Pinnacle Bank Arena is an amazing project has hosted some of music’s biggest names, but it’s very expensive project
LINCOLN, Nebraska – The Pinnacle Bank Arena has been a Lincoln attraction for nine years.
“The Pinnacle Bank Arena has been an amazing project,” Tom Lorenz, PBA Manager said.
The arena has hosted some of the biggest names in music, served as a venue for graduations, and been converted into a COVID-19 immunization site.
“I personally think it’s lived up to every expectation and more,” Jeff Maul, executive director for the Lincoln Convention and Visitors Bureau said.
Lorenz stated that with the exception of the COVID years, PBA has averaged over 750,000 annual visits, sold 1.5 million tickets, and generated over $100 million in income from ticket sales alone.
“We certainly had large expectations and I think it’s met all of those expectations and exceeded them,” Lorenz said. Not just us but the economic impact its had in the area with the growth in the Railyard and the Haymarket.”
However, the city and taxpayers will continue to foot the tab for at least twenty years.
In 2010, 56% of voters supported the formation of the West Haymarket Joint Public Agency, allowing the city to issue $300 million in bonds and pay them off with a new occupation tax on companies like as restaurants, bars, and hotels.
In addition to funding the construction of the arena, the JPA paid for the relocation of BNSF Railroad tracks, clearing the way for privately financed hotels, the Railyard, and more.
“I’m really pleased with how the project has turned out,” Dan Marvin, Urban Development Director for the City of Lincoln said. “We’ve probably accomplished more than what we even told voters we could.”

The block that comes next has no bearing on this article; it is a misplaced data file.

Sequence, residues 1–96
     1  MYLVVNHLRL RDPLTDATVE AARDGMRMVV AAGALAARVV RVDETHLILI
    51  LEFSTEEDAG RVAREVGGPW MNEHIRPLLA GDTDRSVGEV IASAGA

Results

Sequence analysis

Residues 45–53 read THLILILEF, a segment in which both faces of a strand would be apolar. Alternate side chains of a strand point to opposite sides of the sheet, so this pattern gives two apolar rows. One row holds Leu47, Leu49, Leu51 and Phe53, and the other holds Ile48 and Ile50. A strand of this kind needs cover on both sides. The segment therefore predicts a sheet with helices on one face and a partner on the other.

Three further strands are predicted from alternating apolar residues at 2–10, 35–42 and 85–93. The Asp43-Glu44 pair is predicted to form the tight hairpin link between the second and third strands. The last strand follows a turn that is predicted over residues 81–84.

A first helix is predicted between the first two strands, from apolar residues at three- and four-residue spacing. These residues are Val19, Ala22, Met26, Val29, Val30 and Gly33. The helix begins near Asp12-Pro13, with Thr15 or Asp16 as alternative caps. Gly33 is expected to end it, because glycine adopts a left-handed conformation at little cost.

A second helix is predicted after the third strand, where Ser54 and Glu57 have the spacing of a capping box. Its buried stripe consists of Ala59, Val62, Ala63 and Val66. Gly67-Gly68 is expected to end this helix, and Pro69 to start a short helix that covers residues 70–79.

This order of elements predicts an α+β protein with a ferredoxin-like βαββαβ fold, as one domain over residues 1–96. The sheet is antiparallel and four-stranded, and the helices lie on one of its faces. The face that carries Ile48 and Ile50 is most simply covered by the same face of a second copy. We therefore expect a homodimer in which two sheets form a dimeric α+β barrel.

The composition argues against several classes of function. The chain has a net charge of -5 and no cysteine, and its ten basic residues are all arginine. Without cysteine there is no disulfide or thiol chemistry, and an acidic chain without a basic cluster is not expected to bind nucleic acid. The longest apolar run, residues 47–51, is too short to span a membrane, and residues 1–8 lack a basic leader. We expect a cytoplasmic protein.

The occupation tax is also generating significantly more revenue than anticipated. According to a chart given by the city, the tax generated around $15 million in 2021 and is predicted to generate slightly under $20 million in 2022. The city’s director of finance estimated that they would not generate $20 million annually until 2036. The tax has been used to pay down $191,4 million of the debt to date, while a further $504 million is due by 2024. This includes around $200 million in interest payments.
“Any time you ask the tax payers to dole out additional dollars from their bottom line revenues that’s a hard adjustment. It’s a hard change,” Maul said. “But I think the economic impact this has had on all of us; It’s increased sales tax revenues for the city, it’s increased lodging tax revenues, it’s bringing in new visitors to our community.”
We were unable to get an official analysis of the Pinnacle Bank Arena’s economic impact, but we did seek information on the amount of sales tax and hotel tax collected over the past decade. Since 2013, the city’s sales tax revenue has increased by an average of 5 percent yearly. Since the arena’s opening, the amount of hotel taxes received by the city has increased by an average of 10 percent year. Though neither the city nor the county will completely link these hikes to the Pinnacle Bank Arena.
Stakeholders assert, however, that the Pinnacle Bank Arena will continue to attract visitors, reinvent itself, and revitalize Lincoln.
“It’s created a sea change that has ripple effects in the skyscraper you see in that area, the other development in the Haymarket, the housing that’s come in,” Marvin said. “Much of that is a result of the Pinnacle Bank Arena transforming the entire downtown.”